We meet the 12 Maids, also no longer living. We are introduced to them through their chilling account of their own murder. As we get to know them throughout the novel, we will constantly be aware that they are already doomed to violence.

We learn how events of Penelope’s childhood have shaped her, and we learn of the Naiads of Greek mythology. Penelope herself is unsure as to the exact details surrounding her father throwing her into the ocean:

“It is to this episode- or rather, my knowledge of it- that I attribute my reserve, as well as my mistrust of other people’s intentions” – (pg 9).

Again, the idea of the power of story-telling and unreliable narrators is raised.

How does this affect (effect? You tell me!) the way we approach the text as a whole?

A powerful few pages is devoted to the childhood of the 12 Maids as well, and the hardships they faced as children and young women in the houses of nobles.

Following this, we are exposed to more of the afterlife of Greek mythology- and we get a sense of the tense dynamic between Penelope and Helen of Troy.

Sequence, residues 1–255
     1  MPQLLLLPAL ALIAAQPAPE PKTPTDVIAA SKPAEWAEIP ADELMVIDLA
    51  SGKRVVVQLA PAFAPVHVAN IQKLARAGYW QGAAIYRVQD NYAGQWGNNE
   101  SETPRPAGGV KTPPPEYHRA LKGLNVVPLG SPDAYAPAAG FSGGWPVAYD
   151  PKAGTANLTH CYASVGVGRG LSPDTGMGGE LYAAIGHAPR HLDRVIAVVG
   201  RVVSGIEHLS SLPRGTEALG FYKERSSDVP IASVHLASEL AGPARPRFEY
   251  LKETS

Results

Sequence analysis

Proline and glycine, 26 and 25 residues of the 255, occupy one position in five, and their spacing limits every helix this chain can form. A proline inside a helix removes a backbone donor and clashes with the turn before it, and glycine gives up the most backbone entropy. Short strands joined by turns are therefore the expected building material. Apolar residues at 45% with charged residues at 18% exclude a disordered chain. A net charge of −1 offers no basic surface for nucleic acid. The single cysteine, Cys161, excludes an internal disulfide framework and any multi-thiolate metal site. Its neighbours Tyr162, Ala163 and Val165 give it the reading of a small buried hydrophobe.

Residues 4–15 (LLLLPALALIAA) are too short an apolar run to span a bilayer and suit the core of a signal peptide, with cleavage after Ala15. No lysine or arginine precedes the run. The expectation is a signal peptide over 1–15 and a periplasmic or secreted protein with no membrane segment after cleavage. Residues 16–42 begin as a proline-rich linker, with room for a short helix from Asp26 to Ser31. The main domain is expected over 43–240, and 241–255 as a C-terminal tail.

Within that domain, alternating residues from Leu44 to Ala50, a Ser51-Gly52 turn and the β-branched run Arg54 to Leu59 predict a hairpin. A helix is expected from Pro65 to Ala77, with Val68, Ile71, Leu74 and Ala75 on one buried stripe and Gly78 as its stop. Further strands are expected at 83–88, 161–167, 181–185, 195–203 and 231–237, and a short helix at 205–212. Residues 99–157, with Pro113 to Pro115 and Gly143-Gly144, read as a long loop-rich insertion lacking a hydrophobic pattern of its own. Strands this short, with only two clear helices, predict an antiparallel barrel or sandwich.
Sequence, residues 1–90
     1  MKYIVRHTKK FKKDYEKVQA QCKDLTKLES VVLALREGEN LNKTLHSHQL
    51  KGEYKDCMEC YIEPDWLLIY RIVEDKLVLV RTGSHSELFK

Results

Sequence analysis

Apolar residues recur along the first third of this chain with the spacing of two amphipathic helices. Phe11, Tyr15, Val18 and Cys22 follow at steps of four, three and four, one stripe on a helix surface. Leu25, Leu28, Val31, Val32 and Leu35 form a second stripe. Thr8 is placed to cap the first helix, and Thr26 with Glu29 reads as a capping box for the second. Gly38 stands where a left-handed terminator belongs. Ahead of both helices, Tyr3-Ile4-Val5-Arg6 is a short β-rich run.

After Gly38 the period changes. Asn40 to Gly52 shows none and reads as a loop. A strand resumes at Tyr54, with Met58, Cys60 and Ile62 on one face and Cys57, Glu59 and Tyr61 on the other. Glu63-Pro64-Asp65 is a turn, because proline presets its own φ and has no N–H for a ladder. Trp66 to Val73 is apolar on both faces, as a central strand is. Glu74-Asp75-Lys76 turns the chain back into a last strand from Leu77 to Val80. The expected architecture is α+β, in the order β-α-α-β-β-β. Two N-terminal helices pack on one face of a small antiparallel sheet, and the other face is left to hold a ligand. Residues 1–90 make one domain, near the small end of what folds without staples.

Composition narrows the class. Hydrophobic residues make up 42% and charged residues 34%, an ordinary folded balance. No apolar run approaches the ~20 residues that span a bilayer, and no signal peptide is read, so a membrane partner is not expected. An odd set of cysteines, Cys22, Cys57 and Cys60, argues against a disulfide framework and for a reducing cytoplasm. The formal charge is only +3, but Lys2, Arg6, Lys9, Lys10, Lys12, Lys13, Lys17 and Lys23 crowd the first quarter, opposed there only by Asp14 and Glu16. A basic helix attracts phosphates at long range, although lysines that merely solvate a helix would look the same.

Both semi-divine noble women who made different choices- what do you think of the dynamic between these two? Or, Penelope’s perception of Helen and how her story has been remembered?

As the opening chapters draw to a close, Odysseus competes for Penelope’s hand- and she is duly married off to him. Again, Penelope seems to be trying to make sense of the pivotal moments of her life in the retrospect-but while knowing she is likely missing key information.

What are your first impressions of the relationship between Penelope and Odysseus?

We close this first section of reading with verses from the 12 Maids dreaming of a blissful future, which is a harsh juxtaposition knowing their ultimate fate.

Thanks for joining me on reading this first part of our July book! Discuss in the comments below!


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  3. TabJuly 27, 2020

    Okay so I definitely agree that Penelope’s passiveness was *mostly* a survival tactic, but also a sprinkle of something else that I didn’t love. It was hard to have a narrator that I definitely didn’t fully trust, and these feelings reached a new height during this part of the book. I felt like the description of the maids’ murder, which is what I was waiting for, was rushed. This happened either because she didn’t know a more in-depth story or she just didn’t want to tell us. Thanks for picking this book Dez!

    1. Gordon Book ClubJuly 27, 2020

      Yay Tab, you made the first blog comment! 🙂

      I totally agree with what you said about Penelope being an unreliable narrator. It seems like every character in this book has a different version of the truth. I felt the murder scene was rushed as well. It felt very emotionally disconnected, which I thought was odd since supposedly this is one of Penelope’s biggest regrets- even in the afterlife.